U.S. Secretary of State Anthony Blinken criticized Russia for the nuclear blackmail the Kremlin has resorted to during a full-scale war against Ukraine.
These statements were made in Blinken's speech at the Nuclear Nonproliferation Treaty Review Conference.
Among examples of threatening behavior, the secretary of state mentioned the DPRK, Iran, and finally the Russian Federation.
"Russia has launched a full-scale invasion of Ukraine and has resorted to irresponsible, dangerous threats with a nuclear button - its president has warned that those who support protecting Ukraine, quote, 'risk consequences ... you've never seen before in your history,'" Anthony Blinken noted.
He stressed that Russia's aggression against Ukraine is a blatant violation of international law and the rules-based global order that everyone is trying to preserve.
"But even more critically-and this is directly related to the theme that brought us together at this conference-that these actions also contradict the guarantees it (Russia) gave Ukraine in 1994 under the so-called Budapest Memorandum, guarantees of respect for Ukrainian sovereignty and independence that were instrumental in making Ukraine decide to give up its nuclear arsenal it inherited after the collapse of the USSR...What message does this send to any country in the world? Everybody can think that they need to have nuclear weapons to defend themselves and to avoid aggression against their sovereignty and independence," Blinken noted.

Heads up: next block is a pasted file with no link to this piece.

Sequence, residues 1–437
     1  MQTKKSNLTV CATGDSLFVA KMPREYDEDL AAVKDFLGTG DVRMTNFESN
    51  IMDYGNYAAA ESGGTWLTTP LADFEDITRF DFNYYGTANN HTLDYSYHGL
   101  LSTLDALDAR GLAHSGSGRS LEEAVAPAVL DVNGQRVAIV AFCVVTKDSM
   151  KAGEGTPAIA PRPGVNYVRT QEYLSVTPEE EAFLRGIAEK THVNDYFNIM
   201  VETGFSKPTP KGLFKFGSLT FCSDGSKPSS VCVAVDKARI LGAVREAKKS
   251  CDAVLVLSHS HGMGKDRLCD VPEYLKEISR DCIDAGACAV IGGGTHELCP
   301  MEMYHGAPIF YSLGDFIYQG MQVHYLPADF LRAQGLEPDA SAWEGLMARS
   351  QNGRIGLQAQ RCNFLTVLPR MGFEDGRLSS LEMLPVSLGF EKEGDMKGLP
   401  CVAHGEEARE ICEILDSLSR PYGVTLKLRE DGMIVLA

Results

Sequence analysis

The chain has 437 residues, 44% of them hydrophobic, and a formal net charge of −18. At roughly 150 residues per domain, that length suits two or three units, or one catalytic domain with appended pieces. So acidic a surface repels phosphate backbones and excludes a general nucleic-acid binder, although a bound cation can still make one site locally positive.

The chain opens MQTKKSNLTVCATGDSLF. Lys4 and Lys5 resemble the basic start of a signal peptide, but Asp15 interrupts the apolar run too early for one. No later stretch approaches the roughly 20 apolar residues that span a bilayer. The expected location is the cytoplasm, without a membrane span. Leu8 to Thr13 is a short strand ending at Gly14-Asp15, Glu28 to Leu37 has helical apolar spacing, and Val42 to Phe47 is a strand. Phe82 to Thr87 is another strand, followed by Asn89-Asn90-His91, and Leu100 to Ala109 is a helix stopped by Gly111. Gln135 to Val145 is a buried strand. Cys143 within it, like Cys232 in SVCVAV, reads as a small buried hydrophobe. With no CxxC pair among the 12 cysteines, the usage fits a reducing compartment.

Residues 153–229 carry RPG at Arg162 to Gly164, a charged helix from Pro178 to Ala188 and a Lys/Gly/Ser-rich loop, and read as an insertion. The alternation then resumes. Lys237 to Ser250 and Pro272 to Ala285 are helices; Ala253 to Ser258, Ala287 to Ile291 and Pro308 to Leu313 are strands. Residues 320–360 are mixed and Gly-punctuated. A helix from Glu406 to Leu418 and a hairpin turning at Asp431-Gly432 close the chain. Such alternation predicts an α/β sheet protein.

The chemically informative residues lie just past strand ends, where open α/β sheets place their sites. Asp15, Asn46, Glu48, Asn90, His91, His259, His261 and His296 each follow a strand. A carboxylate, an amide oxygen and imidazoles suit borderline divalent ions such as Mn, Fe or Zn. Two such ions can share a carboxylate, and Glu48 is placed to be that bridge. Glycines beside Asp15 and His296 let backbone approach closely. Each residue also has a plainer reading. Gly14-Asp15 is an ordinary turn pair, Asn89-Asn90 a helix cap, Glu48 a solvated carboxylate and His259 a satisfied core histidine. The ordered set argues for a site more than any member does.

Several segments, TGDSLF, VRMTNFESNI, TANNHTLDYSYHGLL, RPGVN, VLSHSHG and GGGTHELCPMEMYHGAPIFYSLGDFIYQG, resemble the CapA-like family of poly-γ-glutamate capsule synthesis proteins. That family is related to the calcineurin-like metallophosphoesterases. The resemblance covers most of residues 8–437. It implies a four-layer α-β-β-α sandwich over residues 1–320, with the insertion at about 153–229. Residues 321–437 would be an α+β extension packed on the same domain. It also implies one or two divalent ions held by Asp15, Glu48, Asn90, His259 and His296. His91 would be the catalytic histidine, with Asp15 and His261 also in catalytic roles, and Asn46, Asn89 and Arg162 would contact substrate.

The secretary of state also noted that Europe's largest nuclear power plant, Zaporizhzhia, remains under the control of Russian occupation forces.
"Russia uses the nuclear power plant as a military base and fires on Ukrainians from there, knowing that they cannot and will not fire back because they might accidentally hit the nuclear facilities, the reactor or the radioactive waste storage facility. This takes the notion of using the human shield to an entirely different and terrible level," said Anthony Blinken.
"The U.S. believes that all countries with nuclear weapons have an obligation to act responsibly. For our part, we have chosen to act with restraint and avoid steps that might inadvertently increase tensions - such as abandoning previously planned tests of intercontinental ballistic missiles and not increasing the readiness of our nuclear forces in response to Russian 'weapon rattling.' There is no, no place in our world for nuclear deterrence based on coercion, intimidation and blackmail. And we must work together to counter such a thing," the U.S. secretary of state stressed.
As Ukrainian President Joe Biden stated that he is ready to sign a new nuclear arms control treaty with Russia to replace the current Strategic Arms Reduction Treaty (START III) that expires in 2026.